Gehennom. Saying extra ones must imply that one is of the opinion that
the niftar is extremely deep mired there, which is hardly a way of
honouring their memory.

> I think it's not a bad thing for aveilim to feel this way, since, if
> nothing else, it gets them to make more effort to daven every tefillah
> with a minyan.

On this point, I would agree with the proviso that the priority should
be the davenning as a whole rather than merely saying kaddish.

> And most aveilim will try to stick around for a little learning after
> shacharit, or after mincha, to get in an extra kaddish
> derabbanan. That's not a bad thing, either.

Any extra learning is to be encouraged but one must get one's priorities
right, one should be saying kaddish after learning not 'learning' (in
effect rattling off a mishnah with no real attempt at understanding it,
as happens in some shuls) in order to say kaddish.

Martin Stern


From: Stuart Pilichowski <cshmuel@...>
Date: Sun, 03 Jul 2005 22:22:04 +0000
Subject: re: Kiddush Levanah - Women

Just curious: what were the logistics of this "mixed" crowd for kiddush

Men and women standing together side by side outside under the stars or
seperate and off to the side......

Stuart Pilichowski
Mevaseret Zion, Israel

From: Aliza Berger <alizadov@...>
Date: Mon, 04 Jul 2005 16:21:47 +0200
Subject: Kiddush Levanah - Women

Stuart Pilichowski asks:
<what were the logistics of this "mixed" crowd for kiddush levana?

Men and women were separate. 

I have said kiddush levanah outside Orthodox synagogues in the US and in
Israel, and no one ever stopped me. If I am the only woman, I just stand
off to the side and skip the "shalom aleichem" part.

Aliza Berger-Cooper, PhD
English Editing: www.editing-proofreading.com
Statistics Consulting: www.statistics-help.com


From: <ISSARM@...> (I M Fuchs)
Date: Mon, 4 Jul 2005 22:01:54 EDT
Subject: Lo Tachmod (Don't Covet)

Mark Symons writes (Volume 48 Number 73):

>  I always thought that lo tachmod was not wanting a specific object
> THAT BELONGED TO SOMEONE ELSE.  I am allowed to want a beautiful
> chanukiyah for example . . .

I think that R' Symons may be correct.  I have not looked into the
sources who might compare and contrast lo sachmod and the prohibition of
kin'ah.  But I have seen that kin'ah is wanting what the other has --
stemming from the belief that it rightfully belongs to me which is
really a "dis-belief" that HaShem runs the world, that there can be
something lacking in its justice.  Compare to kin'ah (ka'noyis) where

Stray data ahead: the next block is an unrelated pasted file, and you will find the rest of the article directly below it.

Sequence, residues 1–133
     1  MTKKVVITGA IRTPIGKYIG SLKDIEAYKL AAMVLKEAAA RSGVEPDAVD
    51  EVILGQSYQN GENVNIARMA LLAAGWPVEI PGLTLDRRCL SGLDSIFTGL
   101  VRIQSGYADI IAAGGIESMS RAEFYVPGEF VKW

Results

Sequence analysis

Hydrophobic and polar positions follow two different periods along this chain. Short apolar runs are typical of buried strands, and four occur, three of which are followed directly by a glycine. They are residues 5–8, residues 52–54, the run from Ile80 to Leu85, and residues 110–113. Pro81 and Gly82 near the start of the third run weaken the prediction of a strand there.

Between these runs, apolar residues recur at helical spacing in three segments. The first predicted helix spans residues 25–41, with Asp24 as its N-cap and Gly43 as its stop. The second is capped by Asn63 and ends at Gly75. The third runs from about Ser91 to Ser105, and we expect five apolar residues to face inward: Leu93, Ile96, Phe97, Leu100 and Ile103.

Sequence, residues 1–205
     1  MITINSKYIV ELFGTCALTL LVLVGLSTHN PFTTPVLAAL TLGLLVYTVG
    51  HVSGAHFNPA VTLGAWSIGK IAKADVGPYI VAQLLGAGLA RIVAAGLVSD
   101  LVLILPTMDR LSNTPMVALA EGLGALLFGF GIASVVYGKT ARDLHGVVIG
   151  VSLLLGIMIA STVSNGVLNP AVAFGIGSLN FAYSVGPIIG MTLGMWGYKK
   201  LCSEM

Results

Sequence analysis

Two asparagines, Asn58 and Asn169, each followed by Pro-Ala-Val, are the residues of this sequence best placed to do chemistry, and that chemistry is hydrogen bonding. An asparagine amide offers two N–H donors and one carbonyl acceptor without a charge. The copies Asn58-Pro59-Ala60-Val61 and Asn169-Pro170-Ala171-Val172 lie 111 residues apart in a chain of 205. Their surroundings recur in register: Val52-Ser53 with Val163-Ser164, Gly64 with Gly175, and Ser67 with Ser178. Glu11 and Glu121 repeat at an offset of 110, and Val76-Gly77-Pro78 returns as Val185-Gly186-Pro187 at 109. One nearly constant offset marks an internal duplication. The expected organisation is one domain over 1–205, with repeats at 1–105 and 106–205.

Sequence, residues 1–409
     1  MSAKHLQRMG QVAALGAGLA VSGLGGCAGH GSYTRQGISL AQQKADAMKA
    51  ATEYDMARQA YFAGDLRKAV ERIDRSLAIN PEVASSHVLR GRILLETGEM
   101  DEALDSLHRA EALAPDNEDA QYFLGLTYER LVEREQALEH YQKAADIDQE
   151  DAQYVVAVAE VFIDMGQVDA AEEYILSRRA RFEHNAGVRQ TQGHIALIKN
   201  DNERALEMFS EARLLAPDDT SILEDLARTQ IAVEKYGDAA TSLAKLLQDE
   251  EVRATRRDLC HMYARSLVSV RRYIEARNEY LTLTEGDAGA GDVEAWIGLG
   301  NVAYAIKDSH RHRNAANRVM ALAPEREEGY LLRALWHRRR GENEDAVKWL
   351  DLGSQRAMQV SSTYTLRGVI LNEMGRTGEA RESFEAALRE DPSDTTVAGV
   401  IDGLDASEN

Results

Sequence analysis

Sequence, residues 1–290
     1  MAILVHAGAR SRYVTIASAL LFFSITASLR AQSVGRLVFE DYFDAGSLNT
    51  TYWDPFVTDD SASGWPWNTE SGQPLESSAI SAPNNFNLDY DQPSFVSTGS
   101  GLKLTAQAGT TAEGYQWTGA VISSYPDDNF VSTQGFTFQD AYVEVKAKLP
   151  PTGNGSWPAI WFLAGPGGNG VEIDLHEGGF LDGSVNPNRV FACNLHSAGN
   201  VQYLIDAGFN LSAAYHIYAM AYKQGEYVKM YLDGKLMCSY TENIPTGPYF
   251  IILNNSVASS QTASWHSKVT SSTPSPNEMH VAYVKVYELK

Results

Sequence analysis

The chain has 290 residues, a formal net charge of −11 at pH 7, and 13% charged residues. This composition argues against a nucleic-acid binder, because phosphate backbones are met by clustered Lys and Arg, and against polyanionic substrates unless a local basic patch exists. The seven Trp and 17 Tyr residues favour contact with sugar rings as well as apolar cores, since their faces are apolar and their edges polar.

the ka'noy will fight to put things in their proper place.  He believes
ultimately justice must be served, and he wants to be part of that
process.  Both "know" things are not in their right place.  One says he
determines what is the right place, while the other says HaShem
determines it.



From: Russell J Hendel <rjhendel@...>
Date: Mon, 4 Jul 2005 21:27:38 -0400
Subject: More on VaYaPiLU and Language---4 Approaches

Michael Poppers in his recent posting correctly reminded me that my
explanation of the Hebrew root Ayin-Pay-Lamed in Nu14-44a is in fact due
to Rav Hirsch (Who connects Ayin-Pay-Lamed with Aleph-Pay-Lamed). I
myself was not fully satisfied with this explanation so I wrote up a
different one. In developing my ideas I reviewed 4 approaches to meaning
of Biblical words

I should emphasize that these 4 approaches happen when a word occurs
rarely (as Ayin Pay Lamed which only occurs 14 times). Many Biblical
roots occur rarely and it may therefore be worthwhile to see the
different approaches available. I find the following 4 useful

1) RaDacK--Radack explains that APL means HIGH and/or HEMORROIDS. The
meaning HIGH occurs in several verses (e.g. 2C33-14, Ne11-21 Nu14-44a)
where it refers to fortresses or military campaigns in high
places. Radacks approach is simple: Radack allows a rare root to have
multiple meanings (HIGH and HEMORROIDS); Radack infers meaning from
context (If many verses speak about APL fortresses high up then APL
means HIGH)

2) Rashi frequently (though not in this case) seeks a unifying meaning
to one root. Also Rashi seeks meaning based on FUNCTION vs FORM.  So
Radack sees HIGH in the many verses with FORTRESSES; by contrast Rashi
sees STRONGHOLD(the FUNCTION / PURPOSE of a fortress)

3) Rav Hirsch focused on familys of roots related by similar sounding
letters. WHile many people criticize Rav Hirsch it should be remembered
that everyone agrees that eg words like KEVES vs KESEV mean the same
thing. Rav Hirsch's contribution was to CONSISTENTLY apply this rule. In
this case APL with an ayin is related to APL with an Aleph. We infer the
meaning of THICK, HARD (thick things are hard) from which we get both
HEMORROIDS (hard) and HARD/THICK military formations.

4) I introduced a method in my article PESHAT and DERASH(Tradition,
1980) (found at http://www.rashiyomi.com/rashi.pdf) known as INTUITIVE
SEMANTIC MODELS.  Quite simply this means finding a CONCEPT in another
language whose nuances match both the meanings and midrashim on the
words. Such a concept is a SEMANTIC MODEL.  The argument for this
approach is that most of us have a very rich semantic background in
English; by contrast our Hebrew semantic background is poor. Hence the
proper approach to biblical meaning is thru semantic models.

Examining the 3 usages of Ayin-Pay-Lamed I found the concept of
IMPENETRABLE to be "just right". (a) A STRONGHOLD or HIGH FORTRESS is an
IMPENETRABLE position.  (b) HEMORROIDS **feel** IMPENETRABLE. Language
does allow naming words by how they **feel** (vs how they **are**):
examples might be HARDship, inFLAMMation, etc.(c) Nu14-44a would mean
that the Jews decided to repent...they therefore ascended the mountains
and created a standard IMPENETRABLE position (e.g. trenches etc). The
url http://www.Rashiyomi.com/nu21-06a.htm contains verses with Ayin Pay
lamed as well as roots named by feeling.

There 4 approaches may also be viewed as defining the issues when
determining the meaning of a biblical word. The issues include a) single
vs multiple meanings b) emphasis on form vs function c) related roots
with similar nuances d) the nuances associated with the verses as
indicated in the Midrash.

Russell Jay Hendel; http://www.Rashiyomi.com/


End of Volume 48 Issue 84